In addition to growing volume, brain studies document an increase in the organization of white matter during adolescence. The joint brief cites a 1999 study by Tomás Paus of McGill University in Montreal and colleagues that used structural MRI to show that neuronal tracts connecting different regions of the brain thickened as they were coated with a protective sheath of myelin during adolescence (Science, 19 March 1999, p. 1908).

    In 2002, another study revealed that these tracts gained in directionality as well. Relying on diffusion tensor MRI, which follows the direction that water travels, Vincent Schmithorst of the Children's Hospital Medical Center in Cincinnati, Ohio, and colleagues watched the brain organize itself in 33 children and teens from age 5 to 18. During adolescence, the tracts funneled up from the spinal tract, through the brainstem, and into motor regions. Another linked the two major language areas. “The brain is getting more organized and dense with age,” Schmithorst says.

    Don't look at the light

    Adults behave differently not just because they have different brain structures, according to Gur and others, but because they use the structures in a different way. A fully developed frontal lobe curbs impulses coming from other parts of the brain, Gur explains: “If you've been insulted, your emotional brain says, ‘Kill,’ but your frontal lobe says you're in the middle of a cocktail party, ‘so let's respond with a cutting remark.’”

    Maturing brain.

    An NIMH study of 13 individuals over a decade reveals a process—still under way in the late teens—in which gray matter is replaced throughout the cortex, starting at the rear.


    As it matures, the adolescent brain slowly reorganizes how it integrates information coming from the nether regions. Using functional MRI—which lights up sites in the brain that are active—combined with simple tests, neuroscientist Beatriz Luna of the University of Pittsburgh has found that the brain switches from relying heavily on local regions in childhood to more distributive and collaborative interactions among distant regions in adulthood.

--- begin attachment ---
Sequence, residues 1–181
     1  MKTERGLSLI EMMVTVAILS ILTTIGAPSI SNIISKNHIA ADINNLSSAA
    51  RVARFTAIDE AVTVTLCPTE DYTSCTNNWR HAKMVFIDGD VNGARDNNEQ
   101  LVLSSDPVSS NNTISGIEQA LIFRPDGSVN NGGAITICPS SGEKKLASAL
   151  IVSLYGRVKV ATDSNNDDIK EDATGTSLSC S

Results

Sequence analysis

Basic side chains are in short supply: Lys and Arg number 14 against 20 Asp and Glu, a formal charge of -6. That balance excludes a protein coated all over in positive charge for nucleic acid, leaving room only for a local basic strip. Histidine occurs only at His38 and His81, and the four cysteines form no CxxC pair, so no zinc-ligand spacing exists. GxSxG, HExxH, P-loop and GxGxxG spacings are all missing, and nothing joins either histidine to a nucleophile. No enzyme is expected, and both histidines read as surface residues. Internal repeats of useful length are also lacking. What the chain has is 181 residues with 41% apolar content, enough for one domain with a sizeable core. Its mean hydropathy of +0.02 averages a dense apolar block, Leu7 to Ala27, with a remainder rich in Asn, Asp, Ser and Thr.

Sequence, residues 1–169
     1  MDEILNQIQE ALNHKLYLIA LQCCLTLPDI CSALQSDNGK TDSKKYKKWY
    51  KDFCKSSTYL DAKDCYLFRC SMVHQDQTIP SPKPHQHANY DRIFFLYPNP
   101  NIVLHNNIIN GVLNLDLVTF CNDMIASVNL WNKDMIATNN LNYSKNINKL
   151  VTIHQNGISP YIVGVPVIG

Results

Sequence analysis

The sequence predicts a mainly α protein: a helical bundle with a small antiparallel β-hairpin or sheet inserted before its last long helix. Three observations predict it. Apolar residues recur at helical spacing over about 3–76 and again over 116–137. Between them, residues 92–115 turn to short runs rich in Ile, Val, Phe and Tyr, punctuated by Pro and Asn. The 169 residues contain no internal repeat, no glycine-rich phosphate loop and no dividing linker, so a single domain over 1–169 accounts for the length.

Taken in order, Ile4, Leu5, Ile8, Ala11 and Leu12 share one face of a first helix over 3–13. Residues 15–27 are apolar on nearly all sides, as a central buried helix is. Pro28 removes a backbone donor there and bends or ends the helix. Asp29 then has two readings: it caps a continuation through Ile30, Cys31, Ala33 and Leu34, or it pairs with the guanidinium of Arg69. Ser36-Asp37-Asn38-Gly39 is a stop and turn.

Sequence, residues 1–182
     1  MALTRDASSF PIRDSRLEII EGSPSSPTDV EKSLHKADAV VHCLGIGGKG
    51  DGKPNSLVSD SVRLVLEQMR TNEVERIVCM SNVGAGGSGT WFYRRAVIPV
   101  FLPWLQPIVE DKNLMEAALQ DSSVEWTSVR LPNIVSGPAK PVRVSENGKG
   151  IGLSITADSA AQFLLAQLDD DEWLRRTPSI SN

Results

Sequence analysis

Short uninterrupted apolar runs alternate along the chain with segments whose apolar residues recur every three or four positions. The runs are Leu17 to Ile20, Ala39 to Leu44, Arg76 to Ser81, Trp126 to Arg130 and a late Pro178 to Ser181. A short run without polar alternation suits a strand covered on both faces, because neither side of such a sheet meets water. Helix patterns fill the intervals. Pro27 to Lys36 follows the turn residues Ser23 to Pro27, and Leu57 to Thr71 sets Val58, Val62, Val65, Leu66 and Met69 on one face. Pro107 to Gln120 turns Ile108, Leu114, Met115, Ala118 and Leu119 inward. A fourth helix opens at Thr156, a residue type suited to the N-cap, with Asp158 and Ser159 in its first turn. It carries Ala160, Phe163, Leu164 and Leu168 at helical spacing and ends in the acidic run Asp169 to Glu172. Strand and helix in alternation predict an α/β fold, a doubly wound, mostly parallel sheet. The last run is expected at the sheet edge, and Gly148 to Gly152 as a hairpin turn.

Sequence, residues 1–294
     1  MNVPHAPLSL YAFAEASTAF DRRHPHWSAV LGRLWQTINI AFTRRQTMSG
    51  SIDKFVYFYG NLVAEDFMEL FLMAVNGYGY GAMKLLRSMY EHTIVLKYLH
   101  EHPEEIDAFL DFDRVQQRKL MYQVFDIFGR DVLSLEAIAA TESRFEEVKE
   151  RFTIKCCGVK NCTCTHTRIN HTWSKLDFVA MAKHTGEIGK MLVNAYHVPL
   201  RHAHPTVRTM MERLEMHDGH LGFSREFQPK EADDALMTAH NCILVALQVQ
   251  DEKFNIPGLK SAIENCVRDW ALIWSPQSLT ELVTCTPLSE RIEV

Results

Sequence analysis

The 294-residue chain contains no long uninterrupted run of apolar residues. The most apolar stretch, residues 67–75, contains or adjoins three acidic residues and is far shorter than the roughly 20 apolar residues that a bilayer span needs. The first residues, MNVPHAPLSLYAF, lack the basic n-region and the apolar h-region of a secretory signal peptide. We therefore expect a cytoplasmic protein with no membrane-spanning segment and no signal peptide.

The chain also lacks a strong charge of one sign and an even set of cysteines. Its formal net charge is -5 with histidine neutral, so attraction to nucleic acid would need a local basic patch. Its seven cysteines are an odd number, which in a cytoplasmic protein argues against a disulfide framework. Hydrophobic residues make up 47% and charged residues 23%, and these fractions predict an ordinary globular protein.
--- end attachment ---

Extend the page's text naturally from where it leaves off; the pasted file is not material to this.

One of the methods Luna uses to probe brain activity is the “antisaccade” test: a simplified model of real-life responses designed to determine how well the prefrontal cortex governs the more primitive parts of the brain. Subjects focus on a cross on a screen and are told that the cross will disappear and a light will show up. They are told not to look at the light, which is difficult because “the whole brainstem is wired to look at lights,” says Luna.

    Adolescents can prevent themselves from peeking at the light, but in doing so they rely on brain regions different from those adults use. In 2001, Luna and colleagues showed that adolescents' prefrontal cortices were considerably more active than adults' in this test. Adults also used areas in the cerebellum important for timing and learning and brain regions that prepare for the task at hand.

    These results support other evidence showing that teens' impulse control is not on a par with adults'. In work in press in Child Development, Luna found that volunteers aged 14 years and older perform just as well on the task as adults, but they rely mainly on the frontal lobe's prefrontal cortex, whereas adults exhibit a more complex response. “The adolescent is using slightly different brain mechanisms to achieve the goal,” says Luna. Although the work is not cited in the brief, Luna says it clearly shows that “adolescents cannot be viewed at the same level as adults.”

    Processing fear

    Other studies—based on the amygdala, a brain region that processes emotions, and research on risk awareness—indicate that teenagers are more prone to erratic behavior than adults. Abigail Baird and Deborah Yurgelun-Todd of Harvard Medical School in Boston and others asked teens in a 1999 study to identify the emotion they perceive in pictures of faces. As expected, functional MRI showed that in both adolescents and adults, the amygdala burst with activity when presented with a face showing fear. But the prefrontal cortex didn't blaze in teens as it did in adults, suggesting that emotional responses have little inhibition. In addition, the teens kept mistaking fearful expressions for anger or other emotions.